Jerry Brown preparing for life without top aide
Outside of his wife, Anne, nobody has been a closer adviser to Gov. Jerry Brown over the last six years than Jim Humes. Now, the governor must prepare for political life without him.
Brown's appointment of Humes to the 1st District Court of Appeal reshuffles the administration's senior staff at a time when Brown is looking to turn the page on years of budget deficits and focus on more ambitious policy priorities for the state.
A lawyer who has served as Brown’s top legal and administrative aide since he became attorney general in 2007, Humes has functioned largely out of the public eye, tasked with helping bring focus to Brown’s administrations.
Brown, who has more than four decades of experience in state politics, is known for making his own decisions and is less dependent on staff than some of his predecessors. But for the last six years, Humes has helped run the day-to-day operations of the vast bureaucracies Brown was elected to oversee.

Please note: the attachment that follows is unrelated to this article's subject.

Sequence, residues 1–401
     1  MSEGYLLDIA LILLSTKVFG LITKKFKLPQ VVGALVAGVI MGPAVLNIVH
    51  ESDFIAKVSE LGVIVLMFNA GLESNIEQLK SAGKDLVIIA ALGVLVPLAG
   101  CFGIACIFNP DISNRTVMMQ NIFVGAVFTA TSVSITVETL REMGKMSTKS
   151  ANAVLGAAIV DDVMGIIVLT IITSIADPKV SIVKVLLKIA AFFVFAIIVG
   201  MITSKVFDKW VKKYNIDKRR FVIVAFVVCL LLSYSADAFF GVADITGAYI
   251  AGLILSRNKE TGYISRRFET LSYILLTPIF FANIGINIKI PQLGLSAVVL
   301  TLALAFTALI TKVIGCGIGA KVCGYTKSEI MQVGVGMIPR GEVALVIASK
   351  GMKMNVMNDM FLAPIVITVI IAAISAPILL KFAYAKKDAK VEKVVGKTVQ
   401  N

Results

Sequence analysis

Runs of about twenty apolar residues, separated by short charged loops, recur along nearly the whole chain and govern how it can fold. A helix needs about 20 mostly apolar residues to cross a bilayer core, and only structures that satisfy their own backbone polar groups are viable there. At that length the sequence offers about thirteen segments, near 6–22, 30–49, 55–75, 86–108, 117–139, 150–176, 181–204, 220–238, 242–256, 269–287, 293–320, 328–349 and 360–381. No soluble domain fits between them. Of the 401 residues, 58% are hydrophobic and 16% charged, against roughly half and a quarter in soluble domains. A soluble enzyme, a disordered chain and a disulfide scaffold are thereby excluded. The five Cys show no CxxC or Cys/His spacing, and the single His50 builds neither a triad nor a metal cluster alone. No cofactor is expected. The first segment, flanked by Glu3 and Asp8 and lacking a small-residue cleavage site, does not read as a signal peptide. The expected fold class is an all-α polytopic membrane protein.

In the attorney general’s office, Humes served as Brown’s chief deputy. When Brown was elected governor, he took Humes with him and gave him a top job. In Brown’s administration, the role of chief of staff has been divided into two: Humes handles many of the administration’s legal issues, is heavily involved in corrections policy and serves as de facto cabinet secretary, interacting with agency secretaries on a regular basis. Nancy McFadden works largely on the state budget and legislation, which has dominated Brown's first two years in office. Both have the title executive secretary.
It is unclear how exactly the administration will proceed without Humes. Brown spokeswoman Elizabeth Ashford said the governor is still deciding whether or not to replace him, saying “no final determination has been made.”
Humes was expected to be appointed to the bench by Gov. Arnold Schwarzenegger, but took his name out of consideration to help Brown's new administration. His judicial appointment must be confirmed by the Commission on Judicial Appointments, a three-member panel that includes the chief justice of the state Supreme Court and the attorney general.
--Anthony York in Sacramento
Photo: Jim Humes speaks with Gov. Jerry Brown in the Capitol in January 2011. Credit: Hector Amezcua / Sacramento Bee